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Posted (edited)
49 minutes ago, Klinger said:

 

Yes, but I own it. ūüôā

 

I was just listing my current options. Why are you so negative and looking for things to be wrong?

 

Because it is ancient and it was the first film scanner I ever used back in 1994 so I know what the quality is like. I had a fondness for it as it was amazing to be able to digitise some slides for the first time - the closest thing in the digital world at that time to seeing a print develop in a darkroom. I didn't own it though. It was bought by the computer guy in the place I was working at the time. Do post some of the scans at full res somewhere if you want as it would be interesting to see them.

Edited by MDM

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20 hours ago, MDM said:

 

Because it is ancient and it was the first film scanner I ever used back in 1994 so I know what the quality is like. I had a fondness for it as it was amazing to be able to digitise some slides for the first time - the closest thing in the digital world at that time to seeing a print develop in a darkroom. I didn't own it though. It was bought by the computer guy in the place I was working at the time. Do post some of the scans at full res somewhere if you want as it would be interesting to see them.

 

I don't expect that anything from the LS 1000 scanner will be suitable for Alamy or stock. The old T mount duplicator has a lens inside the tube, I don't trust that to make best quality images.

 

That's why I had concluded that the answer to the original question, had pretty much come back as the Nikon duplicator adapted to make it work on geophotos Canon equipment. That's best for two reasons I can see. Quality and cost.

 

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Posted (edited)
On 26/01/2020 at 14:43, geogphotos said:

I have a Canon 5D.

 

What exactly do I need to buy to be able to copy 35mm slides in the way that has been described here ( I think using a Nikon camera) using a slide holder illuminated by a light source behind

 

I am prepared to buy what is needed and would prefer to get properly set up.

 

lens?

 

adapter?

 

slide holder?

 

Thanks in advance.

 

 

 

 

Sorry to add to this already long thread, but I use Canon and have looked into this. I previously posted about the Canon 50mm Compact Macro and Nikon 55mm Micro-Nikkor, saying the Nikon was a bit sharper than the Canon. Just tried the Canon 100 f/2.8 Macro (non L) and that's what I expect to be using. The 58mm filter size meant it was easy to get some threaded extension tubes online. I guessed at the length needed and ordered the closest combination available on that day, knowing I was a bit short. Two filters with the glass removed gave enough length to make it work. The Macro lens itself is about 4.75 inches in length, and the Nikon ES-1 plus extension is about 5.75 inches in length. Total extension is about 3.2 inches. With the ES-1 racked all the way out it's easy to focus and the image very nearly fills the frame.  AF did not stop hunting, which is OK. The results of a five minute test gave the best results of the three lenses I've tried, and will be fine for Alamy, I believe (will post accepted images here). One of the trial slides was old and had a lot of sky. There were hundreds of dust spots, so that one will have to go to the Nikon Coolscan 8000ED. It might be possible to completely clean the slide before shooting, but no time to try that just now. Most likely I'll use the ES-1 for slides without a lot of sky, and the scanner for the rest.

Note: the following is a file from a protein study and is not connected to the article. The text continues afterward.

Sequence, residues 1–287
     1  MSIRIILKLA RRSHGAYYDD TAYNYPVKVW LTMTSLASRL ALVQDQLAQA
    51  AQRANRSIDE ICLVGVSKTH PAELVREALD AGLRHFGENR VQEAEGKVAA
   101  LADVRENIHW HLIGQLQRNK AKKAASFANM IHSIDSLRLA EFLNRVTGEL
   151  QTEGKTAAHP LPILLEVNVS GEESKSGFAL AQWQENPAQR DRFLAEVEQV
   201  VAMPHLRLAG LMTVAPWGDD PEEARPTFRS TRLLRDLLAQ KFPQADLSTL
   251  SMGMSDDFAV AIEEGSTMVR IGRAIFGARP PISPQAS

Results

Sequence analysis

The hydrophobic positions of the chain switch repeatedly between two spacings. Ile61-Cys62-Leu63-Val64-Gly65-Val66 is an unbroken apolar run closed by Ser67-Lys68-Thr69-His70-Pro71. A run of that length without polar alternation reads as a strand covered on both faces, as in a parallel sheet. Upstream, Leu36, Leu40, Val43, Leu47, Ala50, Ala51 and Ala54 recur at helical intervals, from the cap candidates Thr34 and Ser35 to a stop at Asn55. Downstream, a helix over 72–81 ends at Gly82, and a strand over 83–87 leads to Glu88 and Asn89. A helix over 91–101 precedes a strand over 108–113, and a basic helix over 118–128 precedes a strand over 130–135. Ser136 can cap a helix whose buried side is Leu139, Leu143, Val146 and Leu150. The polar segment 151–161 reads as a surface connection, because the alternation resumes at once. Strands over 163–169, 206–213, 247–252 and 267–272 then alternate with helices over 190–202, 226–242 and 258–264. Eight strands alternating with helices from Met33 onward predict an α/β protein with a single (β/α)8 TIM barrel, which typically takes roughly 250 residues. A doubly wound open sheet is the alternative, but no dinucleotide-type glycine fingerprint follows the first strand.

Edited by KevinS
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31 minutes ago, KevinS said:

Sorry to add to this already long thread, but I use Canon and have looked into this. I previously posted about the Canon 50mm Compact Macro and Nikon 55mm Micro-Nikkor, saying the Nikon was a bit sharper than the Canon. Just tried the Canon 100 f/2.8 Macro (non L) and that's what I expect to be using. The 58mm filter size meant it was easy to get some threaded extension tubes online. I guessed at the length needed and ordered the closest combination available on that day, knowing I was a bit short. Two filters with the glass removed gave enough length to make it work. The Macro lens itself is about 4.75 inches in length, and the Nikon ES-1 plus extension is about 5.75 inches in length. Total extension is about 3.2 inches. With the ES-1 racked all the way out it's easy to focus and the image very nearly fills the frame.  AF did not stop hunting, which is OK. The results of a five minute test gave the best results of the three lenses I've tried, and will be fine for Alamy, I believe (will post accepted images here). One of the trial slides was old and had a lot of sky. There were hundreds of dust spots, so that one will have to go to the Nikon Coolscan 8000ED. It might be possible to completely clean the slide before shooting, but no time to try that just now. Most likely I'll use the ES-1 for slides without a lot of sky, and the scanner for the rest.